The clinical availability of 3T MRI has increased. The high-field strength increased the signal-to-noise ratio (SNR) and resolution, which improved lesion detection; however, for the lungs, susceptibility and image distortion are more severe on 3 T MR than on 1.5 T MR images due to magnetic field inhomogeneity [13,37,38]. Fink et al. [37] showed that the imaging characteristics of different pulse sequences for lung MRI were similar at 1.5 and 3 T, but that higher lesion contrast can be expected at 3 T. In addition, T1-weighted 3D turbo field echo and T2-weighted triple-inversion black-blood TSE 3 T MRI allow the detection of clinically significant pulmonary nodules nearly as well as CT [39]. On the other hand,the performance of low-field MRI systems has been considered poor, with limited spatial resolution and low SNR [40]; nevertheless, Campbell-Washburn et al. [38] reported that a low-field MRI system equipped with high-performance image technology could reduce distortion by reducing susceptibility and deliver excellent image quality because of improved field homogeneity.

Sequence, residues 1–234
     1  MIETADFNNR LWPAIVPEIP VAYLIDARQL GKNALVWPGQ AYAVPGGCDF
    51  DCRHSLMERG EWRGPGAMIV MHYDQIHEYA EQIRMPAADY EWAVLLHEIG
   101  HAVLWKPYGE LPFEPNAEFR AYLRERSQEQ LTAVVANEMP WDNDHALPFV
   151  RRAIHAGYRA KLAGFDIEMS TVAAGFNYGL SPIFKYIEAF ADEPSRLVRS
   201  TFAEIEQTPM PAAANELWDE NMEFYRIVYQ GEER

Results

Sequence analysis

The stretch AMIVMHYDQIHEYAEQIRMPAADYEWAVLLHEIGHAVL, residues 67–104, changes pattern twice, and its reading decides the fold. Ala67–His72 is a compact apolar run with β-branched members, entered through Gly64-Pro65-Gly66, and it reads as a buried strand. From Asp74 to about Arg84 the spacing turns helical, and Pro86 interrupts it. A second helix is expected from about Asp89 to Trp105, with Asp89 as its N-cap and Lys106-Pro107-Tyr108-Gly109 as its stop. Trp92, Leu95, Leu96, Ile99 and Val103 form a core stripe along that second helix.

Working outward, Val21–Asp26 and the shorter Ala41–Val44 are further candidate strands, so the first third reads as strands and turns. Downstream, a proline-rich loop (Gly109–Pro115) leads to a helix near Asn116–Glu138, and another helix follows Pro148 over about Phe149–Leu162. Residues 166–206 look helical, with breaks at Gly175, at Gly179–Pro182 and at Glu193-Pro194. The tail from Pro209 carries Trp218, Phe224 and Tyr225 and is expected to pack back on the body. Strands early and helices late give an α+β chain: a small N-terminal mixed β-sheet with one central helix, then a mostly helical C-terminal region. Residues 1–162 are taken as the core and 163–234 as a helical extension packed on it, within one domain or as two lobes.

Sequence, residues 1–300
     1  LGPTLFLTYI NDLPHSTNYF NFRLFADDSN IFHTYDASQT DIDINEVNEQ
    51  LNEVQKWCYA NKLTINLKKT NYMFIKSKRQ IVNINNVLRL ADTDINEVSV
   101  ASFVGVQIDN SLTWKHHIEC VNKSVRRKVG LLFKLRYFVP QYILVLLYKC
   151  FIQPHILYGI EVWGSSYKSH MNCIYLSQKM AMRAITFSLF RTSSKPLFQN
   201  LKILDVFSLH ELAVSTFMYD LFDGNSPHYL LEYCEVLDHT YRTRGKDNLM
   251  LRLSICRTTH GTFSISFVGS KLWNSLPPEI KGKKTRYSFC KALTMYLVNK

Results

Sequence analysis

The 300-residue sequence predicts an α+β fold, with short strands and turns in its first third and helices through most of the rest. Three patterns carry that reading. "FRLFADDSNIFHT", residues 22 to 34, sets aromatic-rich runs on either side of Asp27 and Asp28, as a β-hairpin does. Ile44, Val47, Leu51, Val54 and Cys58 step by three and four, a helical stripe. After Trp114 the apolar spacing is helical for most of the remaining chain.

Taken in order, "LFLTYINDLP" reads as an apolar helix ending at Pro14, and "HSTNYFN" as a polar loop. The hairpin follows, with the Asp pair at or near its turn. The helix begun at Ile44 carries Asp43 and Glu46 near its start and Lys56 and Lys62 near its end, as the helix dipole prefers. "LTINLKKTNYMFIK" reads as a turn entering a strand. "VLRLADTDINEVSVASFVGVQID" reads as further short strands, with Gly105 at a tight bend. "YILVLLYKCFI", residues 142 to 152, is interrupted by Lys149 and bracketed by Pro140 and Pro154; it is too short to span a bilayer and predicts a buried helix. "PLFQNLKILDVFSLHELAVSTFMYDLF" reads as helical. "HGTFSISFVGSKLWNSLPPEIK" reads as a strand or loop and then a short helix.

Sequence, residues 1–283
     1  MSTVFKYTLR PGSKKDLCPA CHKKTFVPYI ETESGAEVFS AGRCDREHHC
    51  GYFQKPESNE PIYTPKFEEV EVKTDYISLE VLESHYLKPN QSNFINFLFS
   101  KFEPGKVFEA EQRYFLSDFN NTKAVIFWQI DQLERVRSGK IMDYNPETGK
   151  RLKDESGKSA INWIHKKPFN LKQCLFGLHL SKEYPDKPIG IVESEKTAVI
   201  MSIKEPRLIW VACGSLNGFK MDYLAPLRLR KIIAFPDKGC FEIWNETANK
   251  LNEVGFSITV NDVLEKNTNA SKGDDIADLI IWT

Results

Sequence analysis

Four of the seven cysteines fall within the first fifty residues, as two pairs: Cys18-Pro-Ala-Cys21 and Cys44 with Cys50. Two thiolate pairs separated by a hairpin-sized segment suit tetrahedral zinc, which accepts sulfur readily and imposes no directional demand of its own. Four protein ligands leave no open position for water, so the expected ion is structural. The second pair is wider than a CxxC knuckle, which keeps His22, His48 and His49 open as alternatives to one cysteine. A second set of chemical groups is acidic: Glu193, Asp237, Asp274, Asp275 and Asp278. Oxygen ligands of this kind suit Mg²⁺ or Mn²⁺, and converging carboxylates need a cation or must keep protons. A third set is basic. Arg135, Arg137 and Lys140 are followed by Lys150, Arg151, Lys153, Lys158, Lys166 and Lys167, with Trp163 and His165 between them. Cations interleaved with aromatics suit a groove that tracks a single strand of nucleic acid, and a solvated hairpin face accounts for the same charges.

Since the early 2000s,DWI has been applied as a form of MRI that measures the random Brownian motion of water molecules within a voxel of tissue. Diffusion is particularly useful in tumor characterization, N- and M-stage evaluation, and therapeutic effect prediction [13,17,20,24-26,29,41-47]. Although the most commonly used technique relies on SE-EPI, non-EPI techniques such as fast advanced SE or TSE are also available and useful for lung cancer evaluation using high-field MR, especially 3 T MR, systems to reduce image distortion and improve image quality and accuracy of apparent diffusion coefficient(ADC) measurements [48,49].